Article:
13 For if the blood of bulls and of goats, and the ashes of an heifer sprinkling the unclean, sanctifieth to the purifying of the flesh: (KJV)
ESV - 13 For if the blood of goats and bulls, and the sprinkling of defiled persons with the ashes of a heifer, sanctify for the purification of the flesh.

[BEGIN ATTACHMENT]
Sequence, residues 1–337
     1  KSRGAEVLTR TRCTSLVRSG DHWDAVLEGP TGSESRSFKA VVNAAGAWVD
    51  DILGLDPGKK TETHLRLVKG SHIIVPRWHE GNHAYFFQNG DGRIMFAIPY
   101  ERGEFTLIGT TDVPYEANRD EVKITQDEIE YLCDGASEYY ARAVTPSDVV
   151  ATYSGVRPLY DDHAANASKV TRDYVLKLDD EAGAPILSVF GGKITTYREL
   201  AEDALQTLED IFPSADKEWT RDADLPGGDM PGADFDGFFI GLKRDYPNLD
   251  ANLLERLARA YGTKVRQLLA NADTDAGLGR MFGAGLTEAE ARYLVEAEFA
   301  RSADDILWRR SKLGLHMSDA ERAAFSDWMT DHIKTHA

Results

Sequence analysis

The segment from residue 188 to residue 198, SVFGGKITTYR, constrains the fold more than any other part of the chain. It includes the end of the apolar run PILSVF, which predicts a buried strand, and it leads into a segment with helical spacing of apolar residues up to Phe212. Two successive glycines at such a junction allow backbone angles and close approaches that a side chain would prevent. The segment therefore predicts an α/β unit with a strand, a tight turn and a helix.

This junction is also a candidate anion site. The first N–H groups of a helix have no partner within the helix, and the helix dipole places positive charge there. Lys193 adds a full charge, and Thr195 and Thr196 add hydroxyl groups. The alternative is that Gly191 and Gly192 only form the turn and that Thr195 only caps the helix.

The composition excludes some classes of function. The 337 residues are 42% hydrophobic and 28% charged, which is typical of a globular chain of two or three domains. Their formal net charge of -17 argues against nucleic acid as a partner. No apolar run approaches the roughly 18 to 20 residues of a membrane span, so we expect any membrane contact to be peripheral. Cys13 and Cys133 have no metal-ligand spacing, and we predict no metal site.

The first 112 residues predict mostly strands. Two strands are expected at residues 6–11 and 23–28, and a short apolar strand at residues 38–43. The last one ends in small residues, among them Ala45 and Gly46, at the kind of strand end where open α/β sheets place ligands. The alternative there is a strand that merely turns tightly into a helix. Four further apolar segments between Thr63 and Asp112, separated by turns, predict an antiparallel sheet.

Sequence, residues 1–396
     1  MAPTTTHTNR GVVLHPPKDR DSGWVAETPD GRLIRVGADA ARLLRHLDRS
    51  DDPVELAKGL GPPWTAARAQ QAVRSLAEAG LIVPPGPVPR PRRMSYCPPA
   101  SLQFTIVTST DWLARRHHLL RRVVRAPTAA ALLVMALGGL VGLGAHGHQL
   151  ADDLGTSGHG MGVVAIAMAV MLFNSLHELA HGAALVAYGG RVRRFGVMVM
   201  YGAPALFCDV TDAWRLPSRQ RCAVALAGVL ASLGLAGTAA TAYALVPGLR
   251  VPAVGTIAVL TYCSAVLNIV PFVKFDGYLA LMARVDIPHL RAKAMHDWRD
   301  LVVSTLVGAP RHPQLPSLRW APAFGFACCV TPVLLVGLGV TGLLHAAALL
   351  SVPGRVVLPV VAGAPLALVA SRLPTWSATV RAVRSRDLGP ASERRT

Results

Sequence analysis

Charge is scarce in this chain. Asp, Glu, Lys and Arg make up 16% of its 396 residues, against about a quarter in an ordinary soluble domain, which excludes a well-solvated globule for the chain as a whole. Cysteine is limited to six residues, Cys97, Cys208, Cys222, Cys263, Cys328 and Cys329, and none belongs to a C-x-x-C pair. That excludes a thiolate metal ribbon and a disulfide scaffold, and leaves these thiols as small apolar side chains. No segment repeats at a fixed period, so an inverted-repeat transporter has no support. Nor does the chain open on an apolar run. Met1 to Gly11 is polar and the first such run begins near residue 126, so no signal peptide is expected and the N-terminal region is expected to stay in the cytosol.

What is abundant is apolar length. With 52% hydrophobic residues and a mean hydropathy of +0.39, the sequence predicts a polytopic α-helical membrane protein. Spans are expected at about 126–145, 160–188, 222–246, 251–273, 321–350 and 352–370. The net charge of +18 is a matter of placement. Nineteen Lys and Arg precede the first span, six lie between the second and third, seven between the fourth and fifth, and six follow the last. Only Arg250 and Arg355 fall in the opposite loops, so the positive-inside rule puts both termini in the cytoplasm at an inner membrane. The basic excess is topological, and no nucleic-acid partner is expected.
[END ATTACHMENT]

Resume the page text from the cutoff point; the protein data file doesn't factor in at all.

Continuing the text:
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The ritual being referred to in the passage from Hebrews cited in the question was commanded by God in Numbers 19:1-10. As I see it, all such rituals in the Law that God gave to Israel through Moses involving the shedding of the blood of animals were intended as a foreshadowing of the ultimate and complete sacrifice for the forgiveness of sins that would be made by Christ through His suffering, death, and resurrection. (Although sacrifices were offered in many different forms for many different purposes -- among which were both ritual cleansing and forgiveness -- in the Old Testament, Christ's sacrifice superseded and fulfilled the purpose of all of them.) In the particular case of the red heifer, the aspects of its sacrifice that most specifically prefigured Christ were the facts that Numbers 19:3 required that it was to be slaughtered outside the Israelite camp, in the same way in which Jesus was taken outside the city walls of Jerusalem to be crucified on Golgotha; and also that the water into which the ashes of the heifer (the burning of which also symbolized the extreme degree of Christ's suffering) were placed was to be retained forever for use whenever cleansing was required, just as the redemption won by the shedding of Christ's blood would remain permanently effective.
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